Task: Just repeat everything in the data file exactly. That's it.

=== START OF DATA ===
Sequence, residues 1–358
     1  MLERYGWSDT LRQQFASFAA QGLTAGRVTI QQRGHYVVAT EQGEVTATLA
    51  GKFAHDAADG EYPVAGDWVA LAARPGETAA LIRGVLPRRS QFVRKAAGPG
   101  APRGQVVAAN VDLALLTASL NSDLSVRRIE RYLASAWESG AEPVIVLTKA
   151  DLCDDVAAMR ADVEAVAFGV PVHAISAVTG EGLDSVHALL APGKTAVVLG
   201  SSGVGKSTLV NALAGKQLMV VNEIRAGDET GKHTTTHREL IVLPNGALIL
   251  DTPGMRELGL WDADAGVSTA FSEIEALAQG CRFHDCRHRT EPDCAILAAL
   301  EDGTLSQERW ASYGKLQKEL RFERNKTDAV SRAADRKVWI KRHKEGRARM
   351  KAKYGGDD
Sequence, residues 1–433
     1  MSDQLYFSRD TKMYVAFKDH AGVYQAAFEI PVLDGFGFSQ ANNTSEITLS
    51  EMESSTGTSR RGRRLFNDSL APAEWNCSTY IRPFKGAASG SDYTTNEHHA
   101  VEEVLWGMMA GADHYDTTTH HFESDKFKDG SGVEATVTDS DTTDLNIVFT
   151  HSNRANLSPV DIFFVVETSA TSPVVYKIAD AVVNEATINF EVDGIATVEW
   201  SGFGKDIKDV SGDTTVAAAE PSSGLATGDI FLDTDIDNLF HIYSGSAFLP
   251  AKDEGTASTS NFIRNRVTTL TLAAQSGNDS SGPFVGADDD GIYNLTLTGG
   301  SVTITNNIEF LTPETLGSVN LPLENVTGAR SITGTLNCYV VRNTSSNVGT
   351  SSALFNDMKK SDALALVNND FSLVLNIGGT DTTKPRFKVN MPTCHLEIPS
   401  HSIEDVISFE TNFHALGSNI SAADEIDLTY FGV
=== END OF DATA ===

Sequence, residues 1–358
     1  MLERYGWSDT LRQQFASFAA QGLTAGRVTI QQRGHYVVAT EQGEVTATLA
    51  GKFAHDAADG EYPVAGDWVA LAARPGETAA LIRGVLPRRS QFVRKAAGPG
   101  APRGQVVAAN VDLALLTASL NSDLSVRRIE RYLASAWESG AEPVIVLTKA
   151  DLCDDVAAMR ADVEAVAFGV PVHAISAVTG EGLDSVHALL APGKTAVVLG
   201  SSGVGKSTLV NALAGKQLMV VNEIRAGDET GKHTTTHREL IVLPNGALIL
   251  DTPGMRELGL WDADAGVSTA FSEIEALAQG CRFHDCRHRT EPDCAILAAL
   301  EDGTLSQERW ASYGKLQKEL RFERNKTDAV SRAADRKVWI KRHKEGRARM
   351  KAKYGGDD
Sequence, residues 1–433
     1  MSDQLYFSRD TKMYVAFKDH AGVYQAAFEI PVLDGFGFSQ ANNTSEITLS
    51  EMESSTGTSR RGRRLFNDSL APAEWNCSTY IRPFKGAASG SDYTTNEHHA
   101  VEEVLWGMMA GADHYDTTTH HFESDKFKDG SGVEATVTDS DTTDLNIVFT
   151  HSNRANLSPV DIFFVVETSA TSPVVYKIAD AVVNEATINF EVDGIATVEW
   201  SGFGKDIKDV SGDTTVAAAE PSSGLATGDI FLDTDIDNLF HIYSGSAFLP
   251  AKDEGTASTS NFIRNRVTTL TLAAQSGNDS SGPFVGADDD GIYNLTLTGG
   301  SVTITNNIEF LTPETLGSVN LPLENVTGAR SITGTLNCYV VRNTSSNVGT
   351  SSALFNDMKK SDALALVNND FSLVLNIGGT DTTKPRFKVN MPTCHLEIPS
   401  HSIEDVISFE TNFHALGSNI SAADEIDLTY FGV